Reissue Amendments may be Determined to be Too Broad if they Contradict Court’s Claim Construction

In Arcelormittal France et al. v. AK Steel Corporation, et al., 2014-1189, 1190, 1191 (Fed.Cir. 2015) (Available Here), the Federal Circuit affirmed several of the reissue claims were invalid as being broadened more than after two years of issue in violation of §251, however, newly added claims 24 and 25 were not broadened during the reissue and thus not invalid.

    ArcelorMittal filed suit against AK Steel Corp., Severstal Dearborn, Inc. and Wheeling Nisshin Inc. alleging infringement of its ‘805 patent.  The district court construed the phrase “a very high mechanical resistance” as limited to steel with a tensile strength greater than 1500 MPa.   The jury then found the ‘805 patent not infringed and invalid as anticipated and obvious.  On appeal, the district court’s construction was affirmed.  

    While the appeal was pending, ArcelorMittal prosecuted an application for reissue of the ‘805 patent to correct the court’s claim construction.  The reissue issued as RE153 patent and added dependent claims including: Claim 23 which recites “[t]he coated steel sheet of claim 1, wherein said mechanical resistance is in excess of 1000 MPa” and Claim 24 which recites “[t]he coated steel sheet of claim 1, wherein said mechanical resistance is in excess of 1500 MPa.”  

    While the case was on remand, ArcelorMittal amended its complaint to substitute surrendered ‘805 patent for the RE153 patent and also filed new infringement suits.  Appellees moved for summary judgment arguing claims 1-23 of the RE153 patent were invalid because they were impermissibly broadened in the reissue proceedings.  The district court granted the motion and invalidated claims 1-23 of the RE153 patent and also invalidated claims 24 and 25.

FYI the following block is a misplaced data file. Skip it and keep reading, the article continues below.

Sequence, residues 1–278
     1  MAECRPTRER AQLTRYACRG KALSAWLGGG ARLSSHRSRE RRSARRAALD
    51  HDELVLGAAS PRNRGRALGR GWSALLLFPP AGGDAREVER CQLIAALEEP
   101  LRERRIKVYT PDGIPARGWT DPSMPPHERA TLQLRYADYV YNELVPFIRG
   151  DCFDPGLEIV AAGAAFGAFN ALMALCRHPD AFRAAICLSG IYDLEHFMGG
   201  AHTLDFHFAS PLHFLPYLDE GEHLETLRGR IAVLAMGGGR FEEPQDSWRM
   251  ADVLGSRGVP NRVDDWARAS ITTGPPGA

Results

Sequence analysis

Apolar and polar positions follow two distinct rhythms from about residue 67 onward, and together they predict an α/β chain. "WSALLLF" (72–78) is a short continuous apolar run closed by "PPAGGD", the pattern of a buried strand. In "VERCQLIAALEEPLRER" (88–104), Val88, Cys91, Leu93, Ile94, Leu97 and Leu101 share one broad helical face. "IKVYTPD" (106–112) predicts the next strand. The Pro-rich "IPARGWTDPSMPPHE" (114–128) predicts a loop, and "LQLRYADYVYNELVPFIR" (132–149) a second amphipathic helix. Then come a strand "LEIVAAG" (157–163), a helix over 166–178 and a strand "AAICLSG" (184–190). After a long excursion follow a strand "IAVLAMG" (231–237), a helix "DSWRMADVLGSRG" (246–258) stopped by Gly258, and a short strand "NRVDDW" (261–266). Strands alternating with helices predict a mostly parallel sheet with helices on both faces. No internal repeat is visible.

The Federal Circuit agreed that claims 1-23 were impermissibly broadened in violation of §251, but the district court erred by invalidating claims 24 and 25, which were not broadened.  The basic inquiry under §251 requires comparing the scope of the claims of the reissue patent to the scope of the original claims to determine if the reissue patent contains within its scope any conceivable apparatus or process which would not have infringed the original patent.  The Federal Circuit found that successful prosecution of the RE153 patent is not “new evidence” sufficient to trigger the extraordinary circumstances exception to the mandate rule and the law-of-the-case doctrine.  Further, the Federal Circuit stated that it has never found that such reissue prosecution history is relevant to whether an applicant broadened the scope of an original claim in the §251 analysis. Under the law-of-the-case doctrine, the district court was bound by the prior construction and correctly found claims 1-23 of the reissue patent impermissibly broadened the original claims and were invalid under §251.  Claims 24 and 25 repeat and separately state the scope of claim 1 of the ‘805 patent as construed by the district court and later affirmed by the Federal Circuit and, therefore, the district court erred in invalidating these claims. Claims 24 and 25 were not broadened during the reissue and thus not invalid.

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